BA: Give tips on how to be creative with a cocktail recipe?
LL: For example let’s take the “muddled” category from our book. We have listed the “Mojito” as the cocktail that represents this family. Here is the recipe for our Mojito:
6 – 8 Mint Leaves
1 oz. Simple Syrup (equal amounts of sugar and water)
1 oz. Fresh Lime Juice
2 oz. Light Rum
Top with Club Soda
Glassware: Collins or Rocks Glass
Method: In a Collins glass, muddle all the fresh mint leaves with the simple sugar and lime juice. Top glass with ice, add the rum and the club soda. Stir well to bring the mint leaves to the top.
Garnish: Mint Sprig
Now with the aid of our color-coded Twelve Cocktails Composition Chart on pages 32-33 you can replace the ingredients. For instance replace the Light Rum with Gin; the mint with Basil; the lime juice with lemon juice, the simple syrup with your favorite liquid sweetener or flavored syrup, and top with soda. The result is a completely different recipe from the same family of drinks. This is a basic example and the Mojito can be modified endlessly.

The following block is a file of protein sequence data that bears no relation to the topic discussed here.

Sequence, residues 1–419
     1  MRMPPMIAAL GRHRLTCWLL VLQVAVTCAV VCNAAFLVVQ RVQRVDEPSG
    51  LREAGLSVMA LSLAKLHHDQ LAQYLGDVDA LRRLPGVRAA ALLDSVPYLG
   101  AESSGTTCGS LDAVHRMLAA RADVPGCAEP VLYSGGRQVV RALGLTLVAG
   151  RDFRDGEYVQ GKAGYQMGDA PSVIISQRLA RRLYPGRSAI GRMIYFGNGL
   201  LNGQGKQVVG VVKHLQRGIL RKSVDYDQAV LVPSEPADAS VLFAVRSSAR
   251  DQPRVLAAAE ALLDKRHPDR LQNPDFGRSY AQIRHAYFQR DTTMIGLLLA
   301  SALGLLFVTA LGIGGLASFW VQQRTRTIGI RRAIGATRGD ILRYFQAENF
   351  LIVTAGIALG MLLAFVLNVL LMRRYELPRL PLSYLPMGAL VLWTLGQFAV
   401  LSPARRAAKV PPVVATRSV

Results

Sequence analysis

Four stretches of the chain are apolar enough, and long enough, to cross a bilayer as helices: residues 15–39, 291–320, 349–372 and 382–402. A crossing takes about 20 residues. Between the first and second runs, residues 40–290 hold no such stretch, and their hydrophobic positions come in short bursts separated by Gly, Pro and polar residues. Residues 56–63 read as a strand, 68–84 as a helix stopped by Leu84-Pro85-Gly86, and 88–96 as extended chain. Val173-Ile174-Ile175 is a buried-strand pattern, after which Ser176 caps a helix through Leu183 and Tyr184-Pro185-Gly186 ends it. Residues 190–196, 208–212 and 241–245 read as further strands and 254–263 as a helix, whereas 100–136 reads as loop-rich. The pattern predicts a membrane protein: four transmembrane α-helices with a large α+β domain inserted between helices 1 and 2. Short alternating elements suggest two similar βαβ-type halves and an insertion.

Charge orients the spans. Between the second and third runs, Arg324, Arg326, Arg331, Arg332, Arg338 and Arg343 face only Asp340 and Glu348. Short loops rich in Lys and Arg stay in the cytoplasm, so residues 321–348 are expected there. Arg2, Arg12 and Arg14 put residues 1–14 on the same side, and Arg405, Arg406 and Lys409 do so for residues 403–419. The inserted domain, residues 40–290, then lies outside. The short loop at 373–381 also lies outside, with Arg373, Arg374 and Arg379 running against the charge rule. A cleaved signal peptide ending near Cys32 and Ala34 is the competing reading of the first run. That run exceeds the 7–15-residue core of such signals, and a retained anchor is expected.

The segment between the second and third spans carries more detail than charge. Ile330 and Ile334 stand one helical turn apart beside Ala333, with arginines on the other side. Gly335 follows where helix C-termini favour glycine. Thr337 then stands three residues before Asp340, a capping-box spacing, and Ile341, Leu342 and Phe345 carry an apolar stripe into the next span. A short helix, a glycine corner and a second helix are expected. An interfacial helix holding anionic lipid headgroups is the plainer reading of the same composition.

BA: I know from experience that you are both amazing home chefs! Please give your favorite dish recipe inspired by a cocktail.
LL: How about we do the opposite? Several years ago we were both consulting for an Italian restaurant in Las Vegas and we used the flavors of one of our favorite finger foods “the bruschetta” to make a cocktail that features gin, dry vermouth, muddled tomatoes with basil and a pinch of salt. This drink was served straight up in a cocktail glass and is a hit every time!
BA: Are there any myths about cocktails that you can dispel?